A navigator fell from an RAF Tornado while flying at about 450mph because his ejector seat had not been properly fitted, an inquest has heard.
Mike Harland, 44, who worked for BAE Systems, died after taking off from RAF Marham in Norfolk in November 2007.
The inquest in Norwich heard his seat slipped from the aircraft as the jet was flying upside down 6,000ft above South Creake, Norfolk.
He was testing the two-seater fighter jet after new parachutes were fitted.
Mr Harland, from Colsterworth, Lincolnshire, suffered multiple injuries and his body was later found in a field near South Creake.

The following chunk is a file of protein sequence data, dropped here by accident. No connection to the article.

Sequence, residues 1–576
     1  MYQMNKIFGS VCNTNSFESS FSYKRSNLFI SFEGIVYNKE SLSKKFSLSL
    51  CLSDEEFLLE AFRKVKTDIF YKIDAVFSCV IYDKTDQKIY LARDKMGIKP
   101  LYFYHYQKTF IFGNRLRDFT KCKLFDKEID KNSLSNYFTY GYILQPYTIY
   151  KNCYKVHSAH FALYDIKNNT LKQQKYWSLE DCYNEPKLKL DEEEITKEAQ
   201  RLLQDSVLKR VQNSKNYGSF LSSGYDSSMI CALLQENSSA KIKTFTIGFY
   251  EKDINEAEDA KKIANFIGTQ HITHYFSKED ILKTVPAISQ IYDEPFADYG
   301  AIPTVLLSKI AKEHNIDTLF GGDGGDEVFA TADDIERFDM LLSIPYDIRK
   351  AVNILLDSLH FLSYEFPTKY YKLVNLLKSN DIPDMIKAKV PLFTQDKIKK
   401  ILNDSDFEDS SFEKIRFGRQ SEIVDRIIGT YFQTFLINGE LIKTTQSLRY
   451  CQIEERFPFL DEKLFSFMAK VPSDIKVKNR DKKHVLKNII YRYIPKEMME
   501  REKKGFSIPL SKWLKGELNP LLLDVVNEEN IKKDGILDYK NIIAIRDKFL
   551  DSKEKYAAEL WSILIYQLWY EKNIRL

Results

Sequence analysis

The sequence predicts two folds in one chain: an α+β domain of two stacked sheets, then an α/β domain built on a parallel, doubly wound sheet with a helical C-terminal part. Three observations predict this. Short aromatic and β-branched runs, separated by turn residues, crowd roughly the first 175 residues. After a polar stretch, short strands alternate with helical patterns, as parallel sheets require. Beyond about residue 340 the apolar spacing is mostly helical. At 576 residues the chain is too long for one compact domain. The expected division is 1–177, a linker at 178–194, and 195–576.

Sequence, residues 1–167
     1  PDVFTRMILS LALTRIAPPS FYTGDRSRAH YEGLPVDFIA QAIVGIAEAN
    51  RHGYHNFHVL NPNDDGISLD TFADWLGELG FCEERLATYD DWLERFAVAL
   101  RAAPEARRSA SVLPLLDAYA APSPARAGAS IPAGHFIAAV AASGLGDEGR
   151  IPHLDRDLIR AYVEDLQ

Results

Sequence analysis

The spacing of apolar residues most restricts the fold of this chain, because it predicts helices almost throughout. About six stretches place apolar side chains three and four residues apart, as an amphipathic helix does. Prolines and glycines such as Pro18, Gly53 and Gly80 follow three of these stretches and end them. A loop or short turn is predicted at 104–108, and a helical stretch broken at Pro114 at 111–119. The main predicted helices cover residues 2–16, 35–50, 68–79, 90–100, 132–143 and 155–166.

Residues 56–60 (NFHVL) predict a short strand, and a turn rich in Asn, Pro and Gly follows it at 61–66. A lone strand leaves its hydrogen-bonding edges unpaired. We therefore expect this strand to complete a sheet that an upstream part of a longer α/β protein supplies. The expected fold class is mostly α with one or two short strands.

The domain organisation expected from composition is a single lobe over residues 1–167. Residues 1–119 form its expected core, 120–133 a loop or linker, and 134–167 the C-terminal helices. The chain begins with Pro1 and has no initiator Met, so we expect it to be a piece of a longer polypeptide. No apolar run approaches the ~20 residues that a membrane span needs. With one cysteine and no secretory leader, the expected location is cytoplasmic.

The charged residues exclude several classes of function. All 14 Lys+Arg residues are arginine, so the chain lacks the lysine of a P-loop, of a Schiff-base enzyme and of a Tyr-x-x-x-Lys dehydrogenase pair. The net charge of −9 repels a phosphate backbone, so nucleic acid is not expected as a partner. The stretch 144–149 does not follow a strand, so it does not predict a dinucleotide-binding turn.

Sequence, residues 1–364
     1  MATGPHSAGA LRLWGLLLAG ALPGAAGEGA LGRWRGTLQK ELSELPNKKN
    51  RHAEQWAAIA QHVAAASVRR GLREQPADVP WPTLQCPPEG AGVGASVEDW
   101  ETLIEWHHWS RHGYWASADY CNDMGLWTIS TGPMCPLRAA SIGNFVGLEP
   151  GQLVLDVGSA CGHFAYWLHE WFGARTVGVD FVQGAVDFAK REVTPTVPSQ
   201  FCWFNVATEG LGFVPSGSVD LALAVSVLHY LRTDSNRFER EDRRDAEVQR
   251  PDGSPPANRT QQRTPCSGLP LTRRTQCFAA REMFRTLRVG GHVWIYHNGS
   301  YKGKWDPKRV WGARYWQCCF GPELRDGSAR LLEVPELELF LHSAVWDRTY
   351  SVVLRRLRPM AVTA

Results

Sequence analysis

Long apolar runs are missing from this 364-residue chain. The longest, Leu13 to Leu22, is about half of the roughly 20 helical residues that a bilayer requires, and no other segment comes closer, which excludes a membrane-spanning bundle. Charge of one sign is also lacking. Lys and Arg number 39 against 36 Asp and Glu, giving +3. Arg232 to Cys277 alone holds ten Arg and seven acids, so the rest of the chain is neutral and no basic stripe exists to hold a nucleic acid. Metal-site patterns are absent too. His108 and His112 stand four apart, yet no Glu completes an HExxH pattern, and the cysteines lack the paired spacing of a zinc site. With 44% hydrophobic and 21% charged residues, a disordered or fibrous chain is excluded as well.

The plane landed safely at Marham and the pilot was not seriously hurt.
Accident investigator Stephen Moss told jurors that the "misengagement" of a locking device which prevented the seat from sliding when the jet flew upside down was the most probable cause of the accident.
Mr Moss said it was "very, very unlikely" that component parts of the locking mechanism had failed.
Coroner Jacqueline Lake was told an RAF Board of Inquiry concluded the cause of the accident to be "the incorrect engagement of the seat locking mechanism on installation of the seat to the aircraft".
Board of Inquiry members made more than 40 recommendations, the inquest heard.
Mr Moss said the tail fin had hit the seat as Mr Harland emerged from the Tornado, causing damage which would have prevented either of two parachutes fitted in the seat headbox from working.
The inquest continues.